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Tuesday, May 17, 2011

Review: The Lost Girls by Jennifer Baggett, Holly C. Corbett and Amanda Pressner

The Lost Girls: Three Friends. Four Continents. One Unconventional Detour Around the World. 

Publisher: Harper Paperbacks
ISBN: 0061689076
Pages: 560 pgs
Genre: Memoir/Travel
Challenges-100+ Reading Challenge, Outdo Yourself Reading Challenge


Buy this Book: Amazon, Powell's, Indiebound  


Summary from publisher:

With their thirtieth birthdays looming, Jen, Holly, and Amanda are feeling the pressure to hit certain milestones—score the big promotion, find a soul mate, have 2.2 kids. Instead, they make a pact to quit their jobs, leave behind everything familiar, and embark on a yearlong round-the-world search for inspiration and direction.

Traveling 60,000 miles across four continents, Jen, Holly, and Amanda push themselves far outside their comfort zones to embrace every adventure. Ultimately, theirs is a story of true friendship—a bond forged by sharing beds and backpacks, enduring exotic illnesses, trekking across mountains, and standing by one another through heartaches, whirlwind romances, and everything in the world in between.
My Review:  

I love travelogues and memoirs. I never travel…anywhere. The farthest I’ve ever been from New York is Philadelphia. Sad I know but that’s why I love reading about other people’s travel adventures…because I have none of my own. At least not yet.

I think I picked up this book at just about the perfect time in my life. I’m in my mid-20’s and completely clueless as to what I want to do in my life. Opening that bakery looks great but so does spending my life surrounded by books in a library. I loved that Jen, Holly and Amanda were at sort of the same place in their lives when they decided to take this trip. It's very rare I identify so much with a group of characters when they are doing something so far out of my comfort zone. But I definitely identified with these three women and I have to admit, I was a bit jealous. I loved how the book shifted point of view between Jen, Holly and Amanda. Each woman’s perception of the places they visited, the people they met and the things they learned was so different. It was so interesting to see those differences and I think it really added to the book.

I loved the memoir aspect of the book because all of the women’s experiences were quite enjoyable to read about. But as a travelogue it lacked a little depth of information. I wanted to feel like I had been to these places when I finished the book. I did feel like I had met the Jen, Amanda and Holly but I did not feel as if I knew the places. Overall, I was okay with that because, after a bit, I was more interested in Jen, Holly and Amanda’s stories than learning about the places they traveled to. I did love the length of this book. Some may find a 500 page travelogue a bit daunting but I loved it. I love huge books that I can zip through in a day and this was one of them. It doesn’t feel as if 500 pages have gone by once your are finished.  finished reading this book in a couple of hours and, let me tell you, it went by fast.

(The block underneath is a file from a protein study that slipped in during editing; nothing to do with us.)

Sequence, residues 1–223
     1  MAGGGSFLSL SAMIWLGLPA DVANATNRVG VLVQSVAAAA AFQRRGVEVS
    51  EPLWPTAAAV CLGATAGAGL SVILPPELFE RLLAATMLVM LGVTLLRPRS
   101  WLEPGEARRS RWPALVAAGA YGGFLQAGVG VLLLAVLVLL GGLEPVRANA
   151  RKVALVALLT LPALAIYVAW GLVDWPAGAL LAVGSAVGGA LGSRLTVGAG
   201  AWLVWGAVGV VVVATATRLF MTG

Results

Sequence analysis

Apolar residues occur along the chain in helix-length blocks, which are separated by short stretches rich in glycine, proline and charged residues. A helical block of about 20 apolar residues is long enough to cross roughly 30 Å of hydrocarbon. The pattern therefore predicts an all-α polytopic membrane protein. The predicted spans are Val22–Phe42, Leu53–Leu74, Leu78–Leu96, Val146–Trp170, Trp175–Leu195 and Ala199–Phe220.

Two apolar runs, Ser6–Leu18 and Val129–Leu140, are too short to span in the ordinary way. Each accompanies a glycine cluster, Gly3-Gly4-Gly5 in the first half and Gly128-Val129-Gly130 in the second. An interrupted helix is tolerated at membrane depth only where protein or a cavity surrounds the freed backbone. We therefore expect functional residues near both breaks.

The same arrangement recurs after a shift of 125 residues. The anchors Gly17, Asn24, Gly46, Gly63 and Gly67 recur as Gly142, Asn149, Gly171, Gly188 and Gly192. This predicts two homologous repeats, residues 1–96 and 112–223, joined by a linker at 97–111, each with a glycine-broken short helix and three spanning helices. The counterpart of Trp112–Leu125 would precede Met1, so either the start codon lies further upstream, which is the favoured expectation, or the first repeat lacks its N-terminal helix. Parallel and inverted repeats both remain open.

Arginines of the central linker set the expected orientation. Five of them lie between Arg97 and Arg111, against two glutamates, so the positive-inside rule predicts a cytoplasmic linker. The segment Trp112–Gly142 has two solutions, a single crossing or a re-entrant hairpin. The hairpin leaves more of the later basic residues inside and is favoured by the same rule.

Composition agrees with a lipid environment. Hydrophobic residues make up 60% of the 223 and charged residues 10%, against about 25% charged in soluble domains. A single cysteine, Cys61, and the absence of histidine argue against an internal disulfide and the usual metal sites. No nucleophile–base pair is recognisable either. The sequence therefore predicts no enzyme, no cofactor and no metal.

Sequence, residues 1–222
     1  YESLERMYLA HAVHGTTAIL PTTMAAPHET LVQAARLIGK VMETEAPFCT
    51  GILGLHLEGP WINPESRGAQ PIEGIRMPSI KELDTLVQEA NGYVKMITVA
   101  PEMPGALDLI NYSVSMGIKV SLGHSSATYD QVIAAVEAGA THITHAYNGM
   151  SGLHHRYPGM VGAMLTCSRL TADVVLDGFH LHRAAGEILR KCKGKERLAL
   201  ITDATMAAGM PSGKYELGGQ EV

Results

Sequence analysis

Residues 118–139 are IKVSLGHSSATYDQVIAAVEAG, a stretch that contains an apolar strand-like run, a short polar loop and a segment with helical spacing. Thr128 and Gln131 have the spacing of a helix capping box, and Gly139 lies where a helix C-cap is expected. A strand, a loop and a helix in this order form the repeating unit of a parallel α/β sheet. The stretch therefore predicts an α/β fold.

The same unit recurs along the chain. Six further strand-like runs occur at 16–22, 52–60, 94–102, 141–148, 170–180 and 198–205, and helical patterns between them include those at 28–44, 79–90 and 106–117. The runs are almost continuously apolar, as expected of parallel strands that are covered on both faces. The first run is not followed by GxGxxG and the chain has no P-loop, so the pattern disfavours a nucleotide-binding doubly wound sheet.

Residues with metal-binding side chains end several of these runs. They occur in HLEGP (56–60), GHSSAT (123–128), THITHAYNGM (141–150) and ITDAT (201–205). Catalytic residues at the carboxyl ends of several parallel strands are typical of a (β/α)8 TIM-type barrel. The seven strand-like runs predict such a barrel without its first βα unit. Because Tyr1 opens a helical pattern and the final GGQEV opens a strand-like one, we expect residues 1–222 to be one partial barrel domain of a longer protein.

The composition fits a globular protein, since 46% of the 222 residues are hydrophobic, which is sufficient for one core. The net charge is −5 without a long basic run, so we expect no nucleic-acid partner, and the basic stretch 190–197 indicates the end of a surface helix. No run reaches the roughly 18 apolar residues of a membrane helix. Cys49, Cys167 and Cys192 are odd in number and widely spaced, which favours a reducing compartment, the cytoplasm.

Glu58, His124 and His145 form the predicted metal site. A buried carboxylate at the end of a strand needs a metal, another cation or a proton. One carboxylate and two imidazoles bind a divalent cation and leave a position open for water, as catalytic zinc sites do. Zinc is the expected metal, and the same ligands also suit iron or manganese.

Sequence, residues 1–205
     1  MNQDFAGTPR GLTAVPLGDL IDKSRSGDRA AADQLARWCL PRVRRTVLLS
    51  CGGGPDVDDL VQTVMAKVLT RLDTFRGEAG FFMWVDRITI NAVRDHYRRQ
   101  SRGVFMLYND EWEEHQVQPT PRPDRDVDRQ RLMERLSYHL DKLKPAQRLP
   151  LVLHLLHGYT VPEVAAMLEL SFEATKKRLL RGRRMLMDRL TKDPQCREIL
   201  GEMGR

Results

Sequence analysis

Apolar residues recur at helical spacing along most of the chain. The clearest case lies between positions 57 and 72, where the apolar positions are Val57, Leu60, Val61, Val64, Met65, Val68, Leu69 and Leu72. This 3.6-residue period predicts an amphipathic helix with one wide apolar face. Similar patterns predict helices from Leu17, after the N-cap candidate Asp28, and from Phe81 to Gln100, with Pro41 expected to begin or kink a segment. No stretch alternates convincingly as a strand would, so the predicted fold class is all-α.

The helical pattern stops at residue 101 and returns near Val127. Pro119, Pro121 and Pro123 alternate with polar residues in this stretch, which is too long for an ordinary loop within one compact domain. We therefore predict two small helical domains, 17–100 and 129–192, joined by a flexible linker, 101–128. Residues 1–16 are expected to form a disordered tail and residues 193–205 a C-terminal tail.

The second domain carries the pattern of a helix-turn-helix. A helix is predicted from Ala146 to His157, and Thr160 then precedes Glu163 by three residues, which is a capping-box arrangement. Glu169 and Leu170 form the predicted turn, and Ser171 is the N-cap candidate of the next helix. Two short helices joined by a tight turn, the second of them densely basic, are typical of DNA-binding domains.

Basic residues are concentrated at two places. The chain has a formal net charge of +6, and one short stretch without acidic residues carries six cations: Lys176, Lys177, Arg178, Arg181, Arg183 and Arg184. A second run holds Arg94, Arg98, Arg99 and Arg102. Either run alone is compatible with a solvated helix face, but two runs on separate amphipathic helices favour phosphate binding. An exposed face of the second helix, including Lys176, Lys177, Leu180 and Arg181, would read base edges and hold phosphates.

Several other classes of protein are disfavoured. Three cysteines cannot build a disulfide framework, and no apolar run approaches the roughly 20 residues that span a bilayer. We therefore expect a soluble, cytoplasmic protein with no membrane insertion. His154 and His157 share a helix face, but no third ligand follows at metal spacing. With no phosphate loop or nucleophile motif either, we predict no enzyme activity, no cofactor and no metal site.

*A copy of this book was provided to me by the publisher for review.   My opinion is my own and has not been influenced in any way and any monies   made from associate or affiliate accounts are recycled back into the  blog.


  1. This book has been on my radar for a while. You make a great point about it not being much of a travelogue but I think that I would be more interested in the girl's stories (as you became). Wonderful review, I am looking forward to reading this book!

  2. I'm glad you found the focus on the girls to be to your liking - the travel in this book does seem to be secondary to their personal journeys. At least, that's how I see it. :)

    Thanks for being on the tour. I hope the book inspires you to do some travel of your own!

  3. This book kind of sounds like Sisterhood of the Traveling Pants, but for grown-ups.

    Travel is definitely an amazing experience. One of the things I've found, if you travel a lot, is that you feel simultaneously connected and disconnected from everything. When something happens in a faraway place, if you've traveled there, lived there, and have friends there, it feels so much more important to you. But at the same time, if there's something going on where you currently live, it feels more distant... because you know you can always pick up and start over somewhere else, a possibility that's harder to imagine if you haven't moved around a lot.

    Just my perspective, as somebody who's lived in 27 different places in the last 9 years!



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